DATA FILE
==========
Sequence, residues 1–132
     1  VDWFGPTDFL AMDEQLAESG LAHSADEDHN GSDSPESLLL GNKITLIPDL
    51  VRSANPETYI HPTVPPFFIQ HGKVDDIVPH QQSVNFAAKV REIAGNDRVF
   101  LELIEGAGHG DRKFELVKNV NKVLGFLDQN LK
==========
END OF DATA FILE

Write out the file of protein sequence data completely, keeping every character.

Sequence, residues 1–132
     1  VDWFGPTDFL AMDEQLAESG LAHSADEDHN GSDSPESLLL GNKITLIPDL
    51  VRSANPETYI HPTVPPFFIQ HGKVDDIVPH QQSVNFAAKV REIAGNDRVF
   101  LELIEGAGHG DRKFELVKNV NKVLGFLDQN LK